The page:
24 Mar 2014

Why Sports Cars Are Ace

The first sports car was arguably a Vauxhall.  In 1910 Vauxhall Motors built three versions of a car called the C-10 which was designed to run in the Prince Henry Speed Trials in Germany.

In 1911 the car was launched to the public as the Vauxhall Prince Henry.  It was 4 metres long, weighed 1250kg and produced 60hp.

Later in 1911 a company called Austro Daimler released a replica of the Vaxhaull Prince Henry and called the it the Prinz Heinrich.   The Austro Daimler version was subtly altered from the Vauxhall version by the company's chief designer Ferdinand Porsche.

The Prince Henry was a convertible but sports cars can either be open tops or coupés.  Incidentally the word coupé is the French word for cut.  In the 19th century some horse drawn carriages had four seats.  Those at the front faced backwards and those at the rear forwards.  Carriages that had the rearwards facing seats removed and the body shortened were called coupés as the body itself had been cut to make the carriage smaller, lighter and faster.  A coupé which had no roof was known as a coupé de-ville.

Ever since then sports cars have come along in leaps and bounds and today Porsche is perhaps the name most synonymous with sports cars.

Most car manufacturers produce at least one sports car and some produce nothing but sports cars.

Sports cars have always been popular but unfortunately few people actually buy one so they have are also something of a niche product.  By their very design sports cars are considered impractical by many drivers.  The rear seats are either non-existent or tiny, the engines are usually built for speed and some people don't like to sit so low to the ground.

Defining what a sports car is can be difficult.  It's almost easier to say what isn't a sports car.  A diesel is not a sports car.  A front wheel drive car is not a sports cars.  Just because it has coupe in the name does not necessarily a sports car.  Not all convertibles are sports cars.

By those definitions an Audi TT is a sports car but a TT TDI is not because it has a diesel engine. It is merely a diesel coupé (or convertible).  Same goes for a front wheel drive TT.  Mercedes' SLK is a definitive sports car, but not with a diesel engine.

Similarly a BMW X4 or X6 may be called a coupé by the manufacturer by they are most definately not sports cars.  A Golf convertible is not a sports car as it is front wheel drive.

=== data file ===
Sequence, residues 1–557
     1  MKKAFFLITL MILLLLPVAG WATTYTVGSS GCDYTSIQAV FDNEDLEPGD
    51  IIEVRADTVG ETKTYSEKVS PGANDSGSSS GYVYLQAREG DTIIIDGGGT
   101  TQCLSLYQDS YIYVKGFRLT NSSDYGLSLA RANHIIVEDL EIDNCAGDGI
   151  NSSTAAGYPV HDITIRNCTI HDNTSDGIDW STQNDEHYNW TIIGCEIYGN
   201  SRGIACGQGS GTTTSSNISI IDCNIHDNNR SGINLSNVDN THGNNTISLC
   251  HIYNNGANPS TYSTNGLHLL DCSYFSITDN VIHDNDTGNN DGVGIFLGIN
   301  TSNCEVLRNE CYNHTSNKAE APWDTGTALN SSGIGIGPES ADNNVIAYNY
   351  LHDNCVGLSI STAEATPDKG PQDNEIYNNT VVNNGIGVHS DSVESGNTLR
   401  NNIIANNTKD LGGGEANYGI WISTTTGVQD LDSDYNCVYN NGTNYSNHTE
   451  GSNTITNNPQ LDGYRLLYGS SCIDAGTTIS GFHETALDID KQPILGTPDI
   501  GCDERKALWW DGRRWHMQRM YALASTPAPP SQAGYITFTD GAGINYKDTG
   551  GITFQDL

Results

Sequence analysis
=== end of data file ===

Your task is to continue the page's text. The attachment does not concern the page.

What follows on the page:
In 1981 the Toyota Celica went from being a four door saloon to a rear wheel drive coupe and it turned into a sports car.  In 1985 a new Celica was launched. It looked more sporty than the old model but was front wheel drive.  It then ceased to be a sports car and was merely a coupé.

But being a rear wheel drive coupe or convertible is not enough.  The rather rakish Rolls Royce Wraith is a rear wheel drive coupe and the Bentley Continental is a four wheel drive convertible and coupe.  Both are laudable cars but neither is a sports car.  They are too big and heavy.  They are grand tourers, as is the Maserati GranTurismo.

A sports car is low, a sports car is rear (or possibly four) wheel drive, a sports car is light, a sports car is impractical, a sports car handles better than a saloon, a sports car looks good and makes the driver feel good, a sports car attracts the stares of passers by and a sports car is desired by the man or woman in his or her company eco-box saloon.

Many sports cars are powerful and ultra-fast.  Some, such as a Porsche 911, are designed to go round a circuit quickly and others, such as the Jaguar F-Type are designed as much for the sense of joie de vivre they engender on the occupants as the speed they are capable of.

Some sports cars don't have much power yet hold just as much credence in the sports car genre as their more powerful brethren.  A 63bhp Suzuki Cappuccino is every inch a sports car as is the 130bhp Mazda MX5 and the 200bhp Subaru BRZ.

People buy a non-sports car for various reasons.  Some like SUVs because of the high riding position but I find being low down gives more enjoyment and is more empowering on the road than sitting up high with all the other clones.

Some buy a car for its space, but if you don't actually use those rear seats or boot that much then why lug around all that extra weight with it's impact on efficiency, handling and economy?

Some buy a car for it's low tax and economy.  Sports cars can be economical if you look around.  A BMW Z4 sDrive18i might not be the most dynamic but it is a sports car yet it returns 41mpg and produces 159 g/km of CO2.  And it does 0-60 in 7.9 seconds.

Lotus make some of the best sports cars on the planet.  The £29k Lotus Elise does 0-60 in 6 seconds, returns 45mpg and produces 149 g/km of CO2.  That's more efficient than even the most economical SUVs, and it'll put a big smile on your face every time you get in it.

Sports cars are brilliant.  They bring enjoyment, they look great and they give one a sense of inner peace.

I urge you to ditch that econobox and buy a sports cars.  There's one to suit every budget.

I've driven lots of sports cars.  You can find all the reviews here.  My favourites are the Lotus Evora,  Jaguar F-Type V8 S, Subaru BRZ, Porsche 911 and my own Porsche 924S.

By Matt Hubbard